‘Private sector jobs have no security but if the general environment of the country is fine, then entrepreneurs won’t shut business as readily as they do now’, says Saini and wants the new government to help industry prosper.

I couldn’t help but prod Saini to address the alleged communal bias, the so-called elephant in the room that props up whenever the name Modi is mentioned. Saini agrees that no one’s perfect but says that the biggest issue that plagued Ahmedabad, Gujarat’s financial capital, during his stay there was the water shortage.

Some might argue otherwise but Ravi Dubey is certain that Muslims wouldn’t suffer if Modi were to become PM. The street hawker says that at the end of the day it’s hunger and employment that occupies more space than religion in the minds of Indians like him and adds,

Modi or no Modi, if things were to get bad they would get bad for every single citizen of India and not any particular community.

The 24x7 media coverage and the general access to information largely due to the exponential growth of social media platforms has given the average voter a sense of ownership to the elections.

Siddharth (name changed on request) hails from a business family in Gurgaon, a satellite town of New Delhi and one of the fastest growing urban areas in India, where political ignorance, as well as non-participation is a family trait.

His parents are in their mid-50s and had never voted before this election but watching debates on TV news channels, such as those conducted by Arnab Gosawmi, for whom he even misses his movies, made him want to do something to change how things were.

The 25-year old financial consultant doesn’t mention whom he voted for as it was ‘a very personal thing’ but his decision to vote for a change in a system that allowed things to go from bad to worse in the last 10 years more than reveals his choice.

Apart from inspiring the younger generation, the media coverage has also compelled many middle-aged and even elder Indians to exercise their right perhaps for the very first time.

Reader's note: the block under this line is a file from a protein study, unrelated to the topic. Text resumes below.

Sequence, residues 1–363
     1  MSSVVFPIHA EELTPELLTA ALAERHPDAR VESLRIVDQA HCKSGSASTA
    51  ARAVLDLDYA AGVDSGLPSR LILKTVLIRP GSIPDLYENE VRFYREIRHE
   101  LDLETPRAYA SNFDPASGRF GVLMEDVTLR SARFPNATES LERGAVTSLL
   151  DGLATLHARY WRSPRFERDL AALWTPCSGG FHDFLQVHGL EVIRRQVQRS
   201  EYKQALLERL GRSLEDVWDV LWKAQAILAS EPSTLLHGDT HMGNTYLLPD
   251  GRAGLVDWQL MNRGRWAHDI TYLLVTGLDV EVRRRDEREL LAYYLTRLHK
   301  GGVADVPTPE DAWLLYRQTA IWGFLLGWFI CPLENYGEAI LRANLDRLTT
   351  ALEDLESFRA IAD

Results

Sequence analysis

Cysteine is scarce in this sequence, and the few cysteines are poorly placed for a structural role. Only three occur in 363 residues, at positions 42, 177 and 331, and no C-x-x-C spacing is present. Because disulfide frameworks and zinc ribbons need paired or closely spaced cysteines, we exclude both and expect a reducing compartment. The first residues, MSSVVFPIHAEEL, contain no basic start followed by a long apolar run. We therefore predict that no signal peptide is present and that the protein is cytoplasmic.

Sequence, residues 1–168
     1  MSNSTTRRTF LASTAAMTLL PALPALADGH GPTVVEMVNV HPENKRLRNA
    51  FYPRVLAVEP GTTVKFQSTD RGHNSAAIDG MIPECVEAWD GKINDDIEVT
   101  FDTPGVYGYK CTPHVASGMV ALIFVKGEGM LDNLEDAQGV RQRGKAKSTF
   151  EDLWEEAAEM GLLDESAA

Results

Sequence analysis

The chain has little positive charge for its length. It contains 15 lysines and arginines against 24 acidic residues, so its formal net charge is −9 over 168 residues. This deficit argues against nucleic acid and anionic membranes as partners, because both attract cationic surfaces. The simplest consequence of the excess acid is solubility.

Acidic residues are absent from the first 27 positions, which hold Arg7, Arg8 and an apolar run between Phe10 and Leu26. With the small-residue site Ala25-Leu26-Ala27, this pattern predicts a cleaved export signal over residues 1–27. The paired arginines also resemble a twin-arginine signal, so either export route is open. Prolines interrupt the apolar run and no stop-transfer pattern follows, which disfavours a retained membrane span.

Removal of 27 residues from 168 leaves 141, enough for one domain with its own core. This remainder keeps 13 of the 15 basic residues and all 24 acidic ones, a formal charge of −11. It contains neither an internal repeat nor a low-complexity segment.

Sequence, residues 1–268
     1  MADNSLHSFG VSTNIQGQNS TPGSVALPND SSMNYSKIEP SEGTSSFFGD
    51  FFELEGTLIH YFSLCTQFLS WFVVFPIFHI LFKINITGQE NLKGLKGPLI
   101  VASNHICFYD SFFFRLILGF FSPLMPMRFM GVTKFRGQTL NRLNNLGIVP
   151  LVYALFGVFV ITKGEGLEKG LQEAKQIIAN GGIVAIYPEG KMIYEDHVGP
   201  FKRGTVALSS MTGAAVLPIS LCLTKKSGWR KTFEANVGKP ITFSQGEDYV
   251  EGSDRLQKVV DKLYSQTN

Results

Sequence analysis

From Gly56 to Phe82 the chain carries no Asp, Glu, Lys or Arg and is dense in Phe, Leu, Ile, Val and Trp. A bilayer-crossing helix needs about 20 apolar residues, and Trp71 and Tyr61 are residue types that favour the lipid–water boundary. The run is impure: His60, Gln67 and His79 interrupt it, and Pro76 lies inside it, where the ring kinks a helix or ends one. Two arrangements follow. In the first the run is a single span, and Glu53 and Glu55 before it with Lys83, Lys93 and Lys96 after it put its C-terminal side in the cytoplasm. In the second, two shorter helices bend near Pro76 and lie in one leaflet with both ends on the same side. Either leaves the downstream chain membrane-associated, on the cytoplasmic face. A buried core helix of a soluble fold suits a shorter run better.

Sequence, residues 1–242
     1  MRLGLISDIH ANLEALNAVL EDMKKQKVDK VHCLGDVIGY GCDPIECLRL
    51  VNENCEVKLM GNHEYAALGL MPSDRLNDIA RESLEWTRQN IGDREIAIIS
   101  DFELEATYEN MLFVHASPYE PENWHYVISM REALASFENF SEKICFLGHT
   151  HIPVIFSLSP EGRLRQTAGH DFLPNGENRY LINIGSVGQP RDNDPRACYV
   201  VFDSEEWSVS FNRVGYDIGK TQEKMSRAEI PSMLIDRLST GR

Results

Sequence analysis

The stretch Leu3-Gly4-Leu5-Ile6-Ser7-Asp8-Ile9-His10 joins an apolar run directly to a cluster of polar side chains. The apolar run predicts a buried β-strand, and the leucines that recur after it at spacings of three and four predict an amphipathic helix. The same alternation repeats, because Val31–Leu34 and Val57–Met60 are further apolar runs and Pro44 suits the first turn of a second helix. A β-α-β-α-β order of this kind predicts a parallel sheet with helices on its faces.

-Akhil Chabra
-Akhil Chabra

Akhil Chabra is a 39-year in-house legal counsel for a renowned multinational corporation who never bothered to even get his Voter’s card made till recently.

Honestly, I believed that most Indians voted in elections as someone needed to be chosen and we never really had a choice.

But watching how last year’s Delhi Assembly elections played out he was convinced that every single vote mattered. Even though he voted for the BJP, Chabra is very clear that it is Narendra Modi that he has voted and not the party.

‘I think [Modi] will contribute to the overall development because of his experience’, says Chabra and adds that he would like to give Modi a chance, based on what he heard from the leader on his campaign trail.

For Kavita Chintamani, a 58-year kindergarten teacher, being married to an Army officer meant not being able to vote as they were constantly moving from one cantonment to another.

  -Kavita Chintamani
-Kavita Chintamani

Additionally, she never valued her vote believing ‘one vote more or one vote less’ wouldn’t make any difference but having heard the possible PM options from both Congress and the BJP, she decided to finally vote for the first time in her life.

For her, it wasn’t only about voting for Modi, a clear choice in her mind, but more importantly, voting against the incumbent government and she adds,

I was scared that if I didn’t vote then the chances of what I don’t to happen could be higher.

She would like the new government to concentrate on offering stability for all-round betterment rather than wasting time on exposing the skeletons of the previous government and, of course, less scams.

Many post-poll studies indicate an overall increase in polling across states due to a surge of first-time voters. It also suggests that the younger voter, and to some degree the urban voter, could influence the verdict.

Perhaps the presence of a young leader in the form of Rahul Gandhi assures the Congress party of its ability to bridge the wide gap existing between the grand old party and the new electorate.

On the other hand this also somewhere guides the BJP and Modi to regularly address the young’s aspirations throughout their campaign while prompting the AAP to give tickets to individuals such as Gul Panag, a former Miss India and actress who, uncharacteristically for celebrities, is socially very conscious.

It’s not just the political parties that are aware of the emergence of this section of the electorate or else how does one explain the principal of St. Xavier’s College, Mumbai, sending an email to students criticising the famous Gujarat Model and even warning students against ‘communal forces.’

The first time voter was always going to play a very important role in the 2014 general elections and this isn’t a generation that can get easily swayed on things that it doesn’t care much for. The younger India whether rich, middle-class or marginalised simply wants a change from the scams, the corruption and a future where politicians don’t underestimate their power.

If nothing else then the 2013 Delhi Assembly polls gave a glimpse of what an evoked electorate could achieve.